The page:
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Nathan Fielder goes deeper down the rabbit hole in ‘The Curse’

Comedian’s newest work brings cringe, absurdity to psychological thriller series

<p>Everything Nathan Fielder does, within the television screen and outside of it, is part of some absurdist fever dream that may or may not mean something.</p><p>Courtesy of Showtime</p>

Everything Nathan Fielder does, within the television screen and outside of it, is part of some absurdist fever dream that may or may not mean something.

Courtesy of Showtime

It started off oh, so simply — Nathan Fielder, a graduate of one of Canada’s top business schools with really good grades, would go into struggling businesses and implement out-of-the-box ideas to hopefully get them out of whatever rut they had found themselves in. While the businesses were real, Fielder’s ideas were anything but serious, part of a docu-reality comedy series both created by and starring the Canadian actor and comedian.

That show, “Nathan For You,” ended in 2017 and was followed quickly by “The Rehearsal,” a project that leaned further into the absurdism and mind-bending merging of fiction and reality that “Nathan For You” only partially explored.

Those two shows, utilizing intense audience discomfort as their primary weapon, solidified Fielder as one of the most innovative comedic minds of our time. In a Fielder show, cringe is inevitable, but his most recent project, “The Curse,” takes these feelings of discomfort to impossible heights.

The fully scripted show follows Asher (Fielder) and Whitney Siegel (Emma Stone), a couple developing an HGTV show about revamping a small New Mexico town while struggling to conceive a child. The locals soon find their tactics problematic and the couple tries desperately to save face. In one weak attempt to do so, Asher gives a girl selling soda in a parking lot a hundred dollars as the show’s cameras are rolling but quickly takes back the money after getting the shot. As a result, the girl “curses” Asher and the couple becomes paranoid that they could actually be cursed.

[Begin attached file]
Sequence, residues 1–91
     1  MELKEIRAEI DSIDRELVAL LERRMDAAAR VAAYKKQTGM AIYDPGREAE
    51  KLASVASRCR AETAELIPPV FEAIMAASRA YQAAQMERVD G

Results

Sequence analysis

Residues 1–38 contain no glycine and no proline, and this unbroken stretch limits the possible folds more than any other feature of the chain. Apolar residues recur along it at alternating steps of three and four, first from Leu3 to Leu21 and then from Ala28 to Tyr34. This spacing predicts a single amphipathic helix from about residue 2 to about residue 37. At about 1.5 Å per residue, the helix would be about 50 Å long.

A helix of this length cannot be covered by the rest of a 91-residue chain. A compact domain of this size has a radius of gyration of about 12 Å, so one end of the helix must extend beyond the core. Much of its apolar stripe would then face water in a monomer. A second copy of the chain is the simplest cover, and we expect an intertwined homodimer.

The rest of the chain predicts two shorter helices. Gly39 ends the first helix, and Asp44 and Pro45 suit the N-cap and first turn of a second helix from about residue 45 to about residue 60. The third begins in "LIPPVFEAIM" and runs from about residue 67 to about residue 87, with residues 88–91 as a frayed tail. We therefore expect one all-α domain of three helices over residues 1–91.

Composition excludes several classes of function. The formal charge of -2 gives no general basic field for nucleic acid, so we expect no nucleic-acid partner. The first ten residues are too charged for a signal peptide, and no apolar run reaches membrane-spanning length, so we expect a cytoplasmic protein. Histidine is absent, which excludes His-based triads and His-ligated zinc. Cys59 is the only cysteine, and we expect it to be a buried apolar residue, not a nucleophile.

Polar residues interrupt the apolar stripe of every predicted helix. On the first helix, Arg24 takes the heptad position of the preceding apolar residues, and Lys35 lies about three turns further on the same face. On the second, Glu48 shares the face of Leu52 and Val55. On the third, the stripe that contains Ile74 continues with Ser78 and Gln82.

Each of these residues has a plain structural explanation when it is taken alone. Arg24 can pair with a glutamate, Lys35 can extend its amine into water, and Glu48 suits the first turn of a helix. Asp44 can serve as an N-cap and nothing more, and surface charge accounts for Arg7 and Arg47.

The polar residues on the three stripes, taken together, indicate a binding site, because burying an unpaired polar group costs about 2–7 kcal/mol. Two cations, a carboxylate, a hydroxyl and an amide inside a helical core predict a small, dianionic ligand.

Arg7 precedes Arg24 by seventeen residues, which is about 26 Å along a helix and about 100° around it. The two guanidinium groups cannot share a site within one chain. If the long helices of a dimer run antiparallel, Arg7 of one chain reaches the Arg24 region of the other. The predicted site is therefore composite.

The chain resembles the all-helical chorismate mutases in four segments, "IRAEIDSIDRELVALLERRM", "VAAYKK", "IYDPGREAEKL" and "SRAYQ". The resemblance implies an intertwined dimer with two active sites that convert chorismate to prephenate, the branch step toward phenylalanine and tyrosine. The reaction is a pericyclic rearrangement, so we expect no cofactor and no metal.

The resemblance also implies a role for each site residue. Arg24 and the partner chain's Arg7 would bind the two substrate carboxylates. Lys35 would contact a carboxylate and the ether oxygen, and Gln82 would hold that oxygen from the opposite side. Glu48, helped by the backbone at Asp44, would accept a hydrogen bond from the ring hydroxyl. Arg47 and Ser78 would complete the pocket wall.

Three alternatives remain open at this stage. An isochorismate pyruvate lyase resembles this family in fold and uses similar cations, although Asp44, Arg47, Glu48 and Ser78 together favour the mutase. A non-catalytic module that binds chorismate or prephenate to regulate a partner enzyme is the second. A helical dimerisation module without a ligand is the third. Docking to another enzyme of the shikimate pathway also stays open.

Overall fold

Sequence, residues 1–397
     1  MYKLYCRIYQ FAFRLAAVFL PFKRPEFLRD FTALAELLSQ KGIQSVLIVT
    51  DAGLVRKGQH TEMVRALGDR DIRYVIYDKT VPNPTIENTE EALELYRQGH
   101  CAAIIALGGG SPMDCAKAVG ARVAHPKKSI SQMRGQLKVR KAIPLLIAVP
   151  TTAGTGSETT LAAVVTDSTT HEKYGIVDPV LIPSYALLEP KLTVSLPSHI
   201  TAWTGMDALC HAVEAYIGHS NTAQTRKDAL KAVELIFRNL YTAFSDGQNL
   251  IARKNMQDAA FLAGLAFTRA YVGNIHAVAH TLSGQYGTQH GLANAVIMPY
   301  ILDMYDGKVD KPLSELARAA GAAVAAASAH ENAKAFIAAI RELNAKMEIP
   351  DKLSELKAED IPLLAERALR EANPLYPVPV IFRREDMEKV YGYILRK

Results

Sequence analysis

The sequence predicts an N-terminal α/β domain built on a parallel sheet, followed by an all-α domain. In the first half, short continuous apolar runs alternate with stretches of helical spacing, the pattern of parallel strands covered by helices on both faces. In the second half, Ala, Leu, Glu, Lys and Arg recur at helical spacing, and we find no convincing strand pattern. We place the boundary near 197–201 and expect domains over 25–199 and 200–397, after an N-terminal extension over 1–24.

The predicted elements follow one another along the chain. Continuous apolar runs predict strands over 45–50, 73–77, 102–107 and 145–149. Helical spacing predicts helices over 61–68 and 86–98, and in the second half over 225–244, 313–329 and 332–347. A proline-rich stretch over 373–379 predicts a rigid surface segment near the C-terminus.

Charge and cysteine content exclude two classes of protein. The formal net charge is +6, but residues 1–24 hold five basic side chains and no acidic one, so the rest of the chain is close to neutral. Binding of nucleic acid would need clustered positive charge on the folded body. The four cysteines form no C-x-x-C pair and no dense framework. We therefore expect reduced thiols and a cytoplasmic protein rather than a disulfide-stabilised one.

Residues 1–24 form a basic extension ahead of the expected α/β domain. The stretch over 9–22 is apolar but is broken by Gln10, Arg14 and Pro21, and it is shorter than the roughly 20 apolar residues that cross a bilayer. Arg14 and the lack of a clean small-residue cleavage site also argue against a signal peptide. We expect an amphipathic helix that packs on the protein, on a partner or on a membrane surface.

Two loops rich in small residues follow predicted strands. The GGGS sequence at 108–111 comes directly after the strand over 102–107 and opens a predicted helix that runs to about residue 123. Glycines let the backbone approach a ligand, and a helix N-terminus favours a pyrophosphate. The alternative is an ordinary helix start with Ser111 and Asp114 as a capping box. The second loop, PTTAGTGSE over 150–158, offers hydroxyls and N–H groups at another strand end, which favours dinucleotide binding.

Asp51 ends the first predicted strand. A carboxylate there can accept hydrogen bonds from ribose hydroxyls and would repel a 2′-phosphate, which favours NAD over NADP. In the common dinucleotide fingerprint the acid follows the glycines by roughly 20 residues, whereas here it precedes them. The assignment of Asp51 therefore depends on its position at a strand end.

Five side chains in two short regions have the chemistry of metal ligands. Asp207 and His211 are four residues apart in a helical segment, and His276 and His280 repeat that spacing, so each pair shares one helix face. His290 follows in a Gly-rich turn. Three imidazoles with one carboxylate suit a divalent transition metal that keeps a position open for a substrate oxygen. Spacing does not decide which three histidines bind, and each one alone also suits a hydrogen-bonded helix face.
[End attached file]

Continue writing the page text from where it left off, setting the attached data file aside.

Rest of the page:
As a completely scripted series, it would make sense for “The Curse” to feel somewhat different from “Nathan For You” and “The Rehearsal.” But in reality, the show is just a further step down the line of Fielder’s absurdist world. Fielder, as a result, has risen above all of his individual projects to become something of a comedic enigma, who plants himself in different high-concept worlds as essentially the same individual following varying degrees of scriptedness. 

Now, with the release of his first completely fictional project, Fielder’s real-world persona is as elusive as it has ever been, most recently exemplified by a bizarre interview on “Jimmy Kimmel Live,” where Fielder insisted that he had been playing a character in all of his previous public appearances. The interview added another oddly shaped puzzle piece to the overall riddle of “What exactly is Nathan Fielder trying to do?” 

Even only three episodes deep, “The Curse” is the most puzzling of Fielder’s shows — mainly due to its near complete ditching of comedy. Instead, the show opts for a narrative more akin to a psychological thriller with the occasional awkward chuckle here and there. 

“The Curse” can be a tough watch if you are not prepared to be deeply unsettled every minute you sit watching it, but breaking through that barrier unveils the deeply disturbing genius of one of the greatest creative voices walking on Earth today. Nothing really makes sense in Fielder’s world, and it’s best that it stays that way. His work is a force to behold in all its strange and cringe-inducing glory, even if it is likely to turn off most audiences. 

“The Curse” is a work that must be watched in release order to be understood and now that the show is in its early infancy, it’s the perfect opportunity for all viewers to hop on the train and learn what this curse truly is.


Finn Kirkpatrick

Finn Kirkpatrick is the senior editor of multimedia of the Brown Daily Herald's 134th editorial board. He is a junior from Los Angeles, California studying Comparative Literature and East Asian Studies. He was previously an Arts & Culture editor and has a passion for Tetris and Mario Kart.

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